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Keywords: Feedstuff
Mucuna seed meal
Clarias gariepinus
Issue Date: 2011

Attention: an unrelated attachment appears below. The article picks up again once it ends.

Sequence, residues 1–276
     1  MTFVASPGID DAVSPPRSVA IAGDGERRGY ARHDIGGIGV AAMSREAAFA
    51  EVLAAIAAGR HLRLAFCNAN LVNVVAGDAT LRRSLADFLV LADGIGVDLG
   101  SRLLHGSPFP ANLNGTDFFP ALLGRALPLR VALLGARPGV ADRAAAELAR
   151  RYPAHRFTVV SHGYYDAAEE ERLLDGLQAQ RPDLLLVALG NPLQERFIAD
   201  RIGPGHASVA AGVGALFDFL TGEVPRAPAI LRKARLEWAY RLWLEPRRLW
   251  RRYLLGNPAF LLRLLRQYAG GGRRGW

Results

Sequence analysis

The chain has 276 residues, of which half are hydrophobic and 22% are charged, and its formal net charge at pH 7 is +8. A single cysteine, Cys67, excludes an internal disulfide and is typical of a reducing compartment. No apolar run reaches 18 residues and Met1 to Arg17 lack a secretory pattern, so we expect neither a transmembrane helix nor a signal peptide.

Abstract: High cost of feed and competition between fish and other livestock's feed industries necessitate research into low cost, non-conventional feedstuffs for profitable fish farming. The feed potential of Mucuna utilis in this direction has not been documented. The feed potentials of Mucuna utilis and its effects on growth and biochemical parameters of the African catfish, Clarias gariepinus were therefore investigated. Proximate, mineral composition and level of L-DOPA (3, 4-dihydroxylphenyalanine) in Raw Mucuna Meal (RMM), Cooked Mucuna Meal (CMM) and Toasted Mucuna Meal (TMM) were determined. These were used to substitute soybean meal at 0%, 10%, 20% and 30% inclusion levels in 40% crude protein isocaloric and isonitrogenous diets. Clarias gariepinus (mean weight 6.60 ± 1.09g) were randomly allotted to the 12 treatments in a 4 by 3 factorial experiment. The experiment was replicated thrice and the fish were fed twice daily at 5% body weight. The feeding trial lasted for 84 days during which growth and nutrient utilization parameters such as Mean Weight Gain (MWG), Specific Growth Rate (SGR), and Food Conversion Ratio (FCR) were measured. Packed Cell Volume (PCV), White Blood Cell (WBC), plasma glucose, plasma protein and albumin were determined. Also, histo-pathological evaluations of fish fed MSM supplemented diets were carried out. Data were analyzed using descriptive statistics and ANOVA. Crude protein (29.2%), fat (0.7%), fibre (9.6%), Potassium (1.4%), Phosphorus (0.1%) and Iron (132.1mg/kg) were highest in RMM while CMM had the least values. The level of L-DOPA was highest (6.9%) in RMM and lowest in TMM (5.2%). All the fish responded positively to experimental diets with increase in growth ranging from 12.69 ± 2.10g in 30% RMM to 18.48 ± 3.9g in 10% CMM. The MWG (20.98 ± 5.19g), SGR (11.9%), and FCR (2.81 ± 0.29) recorded in fish fed control diet (0% inclusion level) were higher but not significantly different from values obtained in fish fed diets 10% RMM and 10% TMM. Inclusion of Mucuna Seed Meal (MSM) in the diet beyond 20% in all treatments resulted in lower weight gain. Carcass protein increased in all except in fish fed 20% RMM. The PCV increased progressively from 27.0% in the control diet to 37.7% recorded in 30% inclusion level of CMM. Fish in 20% RMM had the highest WBC (8.20 X 103 ± 0.59mm3) value while the lowest value (1.01 X 103 ± 1.29mm3) was obtained in 20% inclusion level of TMM. There were no significant differences in the plasma glucose in all the treatments compared to the control value of 39.33 ± 9.24mg/l. Feeding MSM-based diets at 30% inclusion level in all the processed forms resulted in severe vacuolation of the hepatocytes of the liver and spongiosis of the white matter of the cerebellum of the brain. Mucuna seed meals have good potential as feed ingredient in the diet of Clarias gariepinus. Substitution of Mucuna seed meal as a replacement for soybean meal beyond 20% may lead to serious nutritional and health hazards to the fish.
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